And how is inverting going to fix the font being too small in comparison to the icons, so that you either have to scroll, or, if you zoom out, you can't read anything?
Also, aesthetics are very subjective. I don't find Duolingo aesthetically pleasing (never did in fact, even though some of the details were cute), but I am just here for the language. If I would have let the aesthetics deter me, I would have left after the last design update.
Luis has stated that they are working on those problems so that zoom won't be an issue. In any case, I'm done. The new look is here to stay. I saw farther down that you are arguing over whether age should have been taken into account. Duo doesn't ask for age during registration, so there is no way to know. They were using a random sample of users and users here are not divided according to age in the first place.
Argue 'til you're blue in the face. It won't do anything.
Ahem, can you please look again at the original post. I am not arguing, I am asking DuoLingo whether they have controlled for it. And hey, no, the new look is not here to stay. First of all as you are saying in your very post, they are already working on changing it right now. Second, they probably will change it a year from now to fit the newest design fad. And third, as I have already written several times, I truly don't care what this site looks like. If it was black text on white background, I would use it anyway, because it is a great resource.
The question is whether it is necessary to have people "find solutions" to something that is supposed to be designed for them to use it most effectively (which involves people being comfortable with it), or whether you can actually make both groups happy now, and then find out whether a middle ground exists.
Yes, it is as you said, a condom does not fit all. There are cases where there may be sizes that the manufacturers didn't account for. This even happens with women's undergarments (bras), that simply cannot fit for everyone. In these cases, the women or men must request custom sizes. Indeed, even the site is also being customized for various special cases, it has been localized to Russian, Turkish, and so forth. They may even localize it to a language that will never be taught, if there is a sufficient demand.
That's a simple reality of life.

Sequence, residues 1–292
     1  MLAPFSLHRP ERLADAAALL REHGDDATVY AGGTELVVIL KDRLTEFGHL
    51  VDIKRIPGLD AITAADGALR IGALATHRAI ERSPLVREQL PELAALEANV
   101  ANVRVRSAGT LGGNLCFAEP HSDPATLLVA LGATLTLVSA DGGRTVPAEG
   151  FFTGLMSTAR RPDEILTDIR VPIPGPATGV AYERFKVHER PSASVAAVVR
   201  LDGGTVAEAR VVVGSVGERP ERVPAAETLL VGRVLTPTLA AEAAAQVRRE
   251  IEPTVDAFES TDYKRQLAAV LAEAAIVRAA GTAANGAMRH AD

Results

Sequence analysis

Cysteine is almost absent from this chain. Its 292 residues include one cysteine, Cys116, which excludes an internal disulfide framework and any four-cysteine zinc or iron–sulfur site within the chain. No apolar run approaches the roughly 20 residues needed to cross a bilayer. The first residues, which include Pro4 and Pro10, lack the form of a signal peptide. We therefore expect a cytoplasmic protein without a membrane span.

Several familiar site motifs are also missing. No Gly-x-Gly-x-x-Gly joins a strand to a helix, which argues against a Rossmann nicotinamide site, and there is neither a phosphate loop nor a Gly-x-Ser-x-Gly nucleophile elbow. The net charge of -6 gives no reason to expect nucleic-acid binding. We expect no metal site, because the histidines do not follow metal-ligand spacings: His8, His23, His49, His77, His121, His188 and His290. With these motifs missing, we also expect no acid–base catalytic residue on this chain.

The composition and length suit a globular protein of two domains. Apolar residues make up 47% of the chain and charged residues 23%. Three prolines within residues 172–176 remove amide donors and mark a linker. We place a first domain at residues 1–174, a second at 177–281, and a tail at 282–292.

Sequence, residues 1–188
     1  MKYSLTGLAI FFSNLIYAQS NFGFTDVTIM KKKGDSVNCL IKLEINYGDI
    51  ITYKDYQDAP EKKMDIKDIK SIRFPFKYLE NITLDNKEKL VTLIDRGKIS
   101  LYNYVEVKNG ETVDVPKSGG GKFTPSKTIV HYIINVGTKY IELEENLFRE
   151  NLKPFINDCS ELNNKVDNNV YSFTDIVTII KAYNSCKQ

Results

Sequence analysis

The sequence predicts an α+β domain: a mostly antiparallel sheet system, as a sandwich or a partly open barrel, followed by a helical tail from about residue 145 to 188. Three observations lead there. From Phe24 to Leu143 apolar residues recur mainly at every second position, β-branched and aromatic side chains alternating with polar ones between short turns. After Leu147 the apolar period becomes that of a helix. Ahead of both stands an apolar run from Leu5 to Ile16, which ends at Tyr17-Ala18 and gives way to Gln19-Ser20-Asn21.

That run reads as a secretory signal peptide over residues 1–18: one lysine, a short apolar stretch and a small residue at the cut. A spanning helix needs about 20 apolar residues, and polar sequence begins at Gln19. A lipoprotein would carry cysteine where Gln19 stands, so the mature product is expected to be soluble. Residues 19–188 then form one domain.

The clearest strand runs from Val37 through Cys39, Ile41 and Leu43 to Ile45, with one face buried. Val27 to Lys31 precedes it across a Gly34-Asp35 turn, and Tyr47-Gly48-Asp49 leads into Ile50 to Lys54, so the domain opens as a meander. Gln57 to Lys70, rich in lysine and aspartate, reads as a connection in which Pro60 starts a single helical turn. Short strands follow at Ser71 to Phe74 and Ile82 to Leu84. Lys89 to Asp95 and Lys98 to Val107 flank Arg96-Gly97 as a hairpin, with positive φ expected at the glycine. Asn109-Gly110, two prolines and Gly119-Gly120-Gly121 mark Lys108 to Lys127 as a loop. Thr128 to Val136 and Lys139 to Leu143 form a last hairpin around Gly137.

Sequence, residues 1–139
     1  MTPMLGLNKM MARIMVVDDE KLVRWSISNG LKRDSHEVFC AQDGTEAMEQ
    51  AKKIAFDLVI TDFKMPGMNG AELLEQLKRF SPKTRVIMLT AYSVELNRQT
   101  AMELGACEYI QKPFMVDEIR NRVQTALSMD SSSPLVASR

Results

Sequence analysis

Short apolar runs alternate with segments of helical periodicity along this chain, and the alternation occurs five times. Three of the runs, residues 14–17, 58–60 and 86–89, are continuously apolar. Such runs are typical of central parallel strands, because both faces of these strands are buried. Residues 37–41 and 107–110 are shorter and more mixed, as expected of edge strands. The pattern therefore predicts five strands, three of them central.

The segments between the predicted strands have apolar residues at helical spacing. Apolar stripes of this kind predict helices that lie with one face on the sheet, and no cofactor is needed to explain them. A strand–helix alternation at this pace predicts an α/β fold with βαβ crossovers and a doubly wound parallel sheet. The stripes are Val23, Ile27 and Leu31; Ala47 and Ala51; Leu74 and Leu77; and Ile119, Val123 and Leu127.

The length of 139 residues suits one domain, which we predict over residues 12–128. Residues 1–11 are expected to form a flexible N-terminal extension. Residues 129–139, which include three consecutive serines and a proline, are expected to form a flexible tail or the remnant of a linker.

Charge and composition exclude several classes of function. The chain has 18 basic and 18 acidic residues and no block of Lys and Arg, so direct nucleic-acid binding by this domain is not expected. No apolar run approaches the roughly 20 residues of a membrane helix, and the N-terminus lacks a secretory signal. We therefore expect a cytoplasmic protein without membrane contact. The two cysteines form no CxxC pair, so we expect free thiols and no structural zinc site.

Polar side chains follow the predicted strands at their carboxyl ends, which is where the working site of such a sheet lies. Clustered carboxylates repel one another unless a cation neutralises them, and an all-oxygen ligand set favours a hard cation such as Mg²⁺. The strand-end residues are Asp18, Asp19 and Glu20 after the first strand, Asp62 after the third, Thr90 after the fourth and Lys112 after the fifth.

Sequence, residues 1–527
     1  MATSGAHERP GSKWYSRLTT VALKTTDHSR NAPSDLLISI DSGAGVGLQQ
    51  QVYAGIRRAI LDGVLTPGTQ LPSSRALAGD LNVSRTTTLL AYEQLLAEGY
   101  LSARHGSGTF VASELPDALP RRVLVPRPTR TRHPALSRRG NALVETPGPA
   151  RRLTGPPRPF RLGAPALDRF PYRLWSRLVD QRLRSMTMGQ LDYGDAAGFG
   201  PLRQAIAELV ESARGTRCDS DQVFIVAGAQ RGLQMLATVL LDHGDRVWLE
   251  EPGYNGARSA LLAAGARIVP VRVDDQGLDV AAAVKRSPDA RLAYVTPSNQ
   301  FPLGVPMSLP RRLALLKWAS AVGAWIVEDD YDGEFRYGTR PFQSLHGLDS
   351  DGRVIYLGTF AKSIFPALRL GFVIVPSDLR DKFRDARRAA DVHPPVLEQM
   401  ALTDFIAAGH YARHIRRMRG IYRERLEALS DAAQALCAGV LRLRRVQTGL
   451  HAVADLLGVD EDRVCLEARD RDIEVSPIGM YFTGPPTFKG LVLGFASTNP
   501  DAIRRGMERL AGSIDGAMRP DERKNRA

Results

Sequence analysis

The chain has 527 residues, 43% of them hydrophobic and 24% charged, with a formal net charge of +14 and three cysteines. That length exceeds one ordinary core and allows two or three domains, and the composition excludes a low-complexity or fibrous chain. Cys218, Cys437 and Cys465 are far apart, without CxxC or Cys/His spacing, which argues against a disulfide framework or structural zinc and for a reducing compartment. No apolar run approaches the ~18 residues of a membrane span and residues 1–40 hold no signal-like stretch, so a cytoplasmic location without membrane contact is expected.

This may be a silly question, but why would people lie about liking/disliking something? Unless you're asking them questions about condom-related situations or the like. Then that's a big thing. But what kind of motive would people have to lie en masse about their likes and dislikes on a site like this?
Well, there are many reasons, but one simple reason is 'group-think'. When someone perceives that the majority likes something, they may also lean that way, regardless of whether they do or not. There are also kids around who may just randomly answer the questions, and other people who may just rush through the survey.
In fact, even if I had to ask people in this thread their ages, chances are that some if not most of them would lie about it, even though they are protected by their pseudo-names. It is just human nature.
Hmm, that's a good point. I remember reading through journal articles on group decision-making. I don't have any links handy, but I can say that the literature made me nervous about how many committees are making decisions in my government. I also admit that I lie on surveys for no reason. I don't lie about questions that I think are important, especially anything related to personality or morality. I won't purposefully lie if I think it might cause someone grief, or damage a worthy cause. I don't think I've ever run into a pure pathological liar with no underlying disorder, which is kind of odd given the statistics.
Oh, no, let's not talk about Digg.
Unfortunately, the this redesign (and associated complaints) seemed very reminiscent of what happen when Digg changed their formats. I tend to think the same thing that happen to Digg won't happen here because what DL offers is so much more valuable, but it does remind me that no one likes huge, dramatic changes all at once.
Although, I'm as surprised as you with the seemingly lack of support that occurred when this new versions was released in December (I think). I think I saw a report by you in troubleshooting, and when I was able to use the new version, I still had the same problem two weeks later. I check back on your post, and there was no response. I think they would have received a lot less push-back if the new version functioned a bit better from the get-go.
Currently, I am still in the 'old version', hopefully some of the kinks will be worked up by the time I'm updated.
Is your second question implying that kids younger than sixteen should not be learning languages on Duolingo? I believe that people of all ages, young and old, should have the ability of learning new languages whenever they want. In fact, in terms of statistics, the younger a person starts learning a new language, the better they'll learn it and the more likely they'll remember it. Also, can't adults spend a lot of time using Duolingo? If so, does it mean that they have too much time on their hands? Some people are very devoted to learning new languages and sharing these types of websites to people who need them. Don't you think so? (I'm sorry, I don't mean to sound rude here, I was just wondering what you mean by that)